So, you’re in your grow room.
You’re gazing upon the gloriousness of your flowering beauties, salivating at the thought of all the fat buds you will soon harvest.
Suddenly, you notice something strange.
Along with the normal white pistils at the flowering sites, you see some small ball-like growths.
What is going on?
Hermies, my friend. That’s what’s happening. And it’s not good.
Hermies can ruin your entire crop.
That’s why you want to get rid of them as quickly as possible. Ideally, by turning them back into females.
Keep reading to learn how to turn a hermie back into a female and whether the process is a good idea in the first place.
How To Turn A Hermie Back Into A Female
Hermie is short for hermaphrodite, with hermaphrodites being cannabis plants that have both male and female reproductive organs. Essentially, hermies are plants that can self-pollinate, or pollinate the rest of your healthy crop.
And they will definitely do just that, if left long enough. There are two common types of hermaphroditic cannabis mutations.
- The first are true hermies, where the plant produces both male and female reproductive systems. If you are seeing a plant with female flowering sites, but also those small ball-like growths, then you have a true hermie on your hands.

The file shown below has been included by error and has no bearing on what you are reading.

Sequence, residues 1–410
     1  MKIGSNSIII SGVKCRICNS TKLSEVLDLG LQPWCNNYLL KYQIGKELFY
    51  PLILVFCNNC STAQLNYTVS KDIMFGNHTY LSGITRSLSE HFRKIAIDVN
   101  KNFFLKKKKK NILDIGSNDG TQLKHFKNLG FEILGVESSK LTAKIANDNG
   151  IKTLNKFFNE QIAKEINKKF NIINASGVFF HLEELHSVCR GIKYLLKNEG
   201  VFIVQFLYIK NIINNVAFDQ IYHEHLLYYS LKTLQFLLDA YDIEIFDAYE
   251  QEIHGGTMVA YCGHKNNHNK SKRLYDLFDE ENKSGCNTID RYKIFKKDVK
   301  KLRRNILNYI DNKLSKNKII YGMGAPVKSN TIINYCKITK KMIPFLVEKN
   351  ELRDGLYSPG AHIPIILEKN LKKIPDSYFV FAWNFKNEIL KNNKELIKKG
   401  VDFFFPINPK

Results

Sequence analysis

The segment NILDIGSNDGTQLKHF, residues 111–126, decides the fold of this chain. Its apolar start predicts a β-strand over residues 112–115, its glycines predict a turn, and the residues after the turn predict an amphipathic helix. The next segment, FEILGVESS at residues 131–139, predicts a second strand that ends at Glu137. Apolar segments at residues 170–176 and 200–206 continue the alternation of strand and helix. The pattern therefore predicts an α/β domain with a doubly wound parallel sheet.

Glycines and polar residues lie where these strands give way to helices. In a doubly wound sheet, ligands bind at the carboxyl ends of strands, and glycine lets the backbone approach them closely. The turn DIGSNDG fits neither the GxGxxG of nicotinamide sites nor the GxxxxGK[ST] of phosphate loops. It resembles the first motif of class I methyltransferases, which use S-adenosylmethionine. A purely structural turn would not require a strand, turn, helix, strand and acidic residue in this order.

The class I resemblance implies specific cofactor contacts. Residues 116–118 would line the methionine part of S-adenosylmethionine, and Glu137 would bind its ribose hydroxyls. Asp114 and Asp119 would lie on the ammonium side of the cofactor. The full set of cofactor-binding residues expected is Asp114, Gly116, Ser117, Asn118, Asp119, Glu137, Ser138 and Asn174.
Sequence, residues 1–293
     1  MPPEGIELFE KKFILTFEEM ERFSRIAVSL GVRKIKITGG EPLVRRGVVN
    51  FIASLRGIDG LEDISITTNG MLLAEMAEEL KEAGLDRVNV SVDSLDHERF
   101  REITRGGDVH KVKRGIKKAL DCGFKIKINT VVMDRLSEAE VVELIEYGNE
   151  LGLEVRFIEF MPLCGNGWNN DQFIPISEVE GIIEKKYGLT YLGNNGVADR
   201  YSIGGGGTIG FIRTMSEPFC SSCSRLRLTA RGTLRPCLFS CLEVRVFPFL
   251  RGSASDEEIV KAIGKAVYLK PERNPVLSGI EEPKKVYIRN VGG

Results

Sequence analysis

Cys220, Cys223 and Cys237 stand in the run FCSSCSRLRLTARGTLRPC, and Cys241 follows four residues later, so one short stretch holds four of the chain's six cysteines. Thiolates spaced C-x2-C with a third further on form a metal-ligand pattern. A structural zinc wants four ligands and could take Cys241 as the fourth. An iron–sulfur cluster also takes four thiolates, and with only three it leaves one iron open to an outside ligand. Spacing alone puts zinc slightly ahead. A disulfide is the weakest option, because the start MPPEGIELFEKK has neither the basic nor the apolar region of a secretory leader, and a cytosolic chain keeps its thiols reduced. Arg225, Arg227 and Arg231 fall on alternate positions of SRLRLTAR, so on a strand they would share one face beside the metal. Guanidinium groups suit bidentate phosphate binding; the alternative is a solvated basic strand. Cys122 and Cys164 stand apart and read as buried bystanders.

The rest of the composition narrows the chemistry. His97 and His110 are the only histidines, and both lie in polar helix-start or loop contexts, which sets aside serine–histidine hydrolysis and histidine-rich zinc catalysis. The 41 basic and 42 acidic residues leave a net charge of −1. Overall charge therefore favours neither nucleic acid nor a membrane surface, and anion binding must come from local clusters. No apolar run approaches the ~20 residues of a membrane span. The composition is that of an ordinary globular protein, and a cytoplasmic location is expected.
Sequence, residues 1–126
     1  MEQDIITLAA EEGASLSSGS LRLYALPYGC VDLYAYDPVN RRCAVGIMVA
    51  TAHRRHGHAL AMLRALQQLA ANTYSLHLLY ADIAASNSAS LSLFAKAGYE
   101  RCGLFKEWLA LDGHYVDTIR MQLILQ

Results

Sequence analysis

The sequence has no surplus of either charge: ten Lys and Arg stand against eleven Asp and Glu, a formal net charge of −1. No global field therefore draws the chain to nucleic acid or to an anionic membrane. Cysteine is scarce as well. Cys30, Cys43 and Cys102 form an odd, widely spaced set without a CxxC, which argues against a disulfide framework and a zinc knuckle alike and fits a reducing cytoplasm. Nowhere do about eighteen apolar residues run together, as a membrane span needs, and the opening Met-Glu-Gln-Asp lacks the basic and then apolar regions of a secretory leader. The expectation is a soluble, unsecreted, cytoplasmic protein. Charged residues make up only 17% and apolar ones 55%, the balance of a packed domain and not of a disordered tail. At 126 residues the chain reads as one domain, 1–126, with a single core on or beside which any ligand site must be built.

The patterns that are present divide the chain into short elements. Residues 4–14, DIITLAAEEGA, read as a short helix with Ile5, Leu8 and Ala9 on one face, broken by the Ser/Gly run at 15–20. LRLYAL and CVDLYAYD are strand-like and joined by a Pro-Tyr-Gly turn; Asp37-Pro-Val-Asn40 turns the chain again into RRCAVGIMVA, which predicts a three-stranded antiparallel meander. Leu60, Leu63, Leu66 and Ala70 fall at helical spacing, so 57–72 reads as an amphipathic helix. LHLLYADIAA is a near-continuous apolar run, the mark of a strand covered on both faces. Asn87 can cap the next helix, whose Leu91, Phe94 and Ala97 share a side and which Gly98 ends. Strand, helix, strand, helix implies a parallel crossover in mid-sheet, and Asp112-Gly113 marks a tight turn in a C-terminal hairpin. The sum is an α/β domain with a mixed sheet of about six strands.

- ‘Nanners’, as they are commonly know in the cannabis cultivation world, are what some refer to as ‘intersexual’ cannabis plants. You can identify these guys by their flowers, which look more female than male, along with these odd-looking growths that appear to be bananas.
We already have this blog post explaining the true intricacies of hermaphrodite weed plants. But what we do not have just yet is a post discussing how you can go about turning the hermie back into a female.
Or if that is even possible? It is, but it is not a good idea. Which brings us to our warning.
Before we go any further, let us just say: we do not recommend these options. If you find a hermie in your crop, we strongly recommend you just get rid of the plant immediately, before it pollinates the rest of your crop.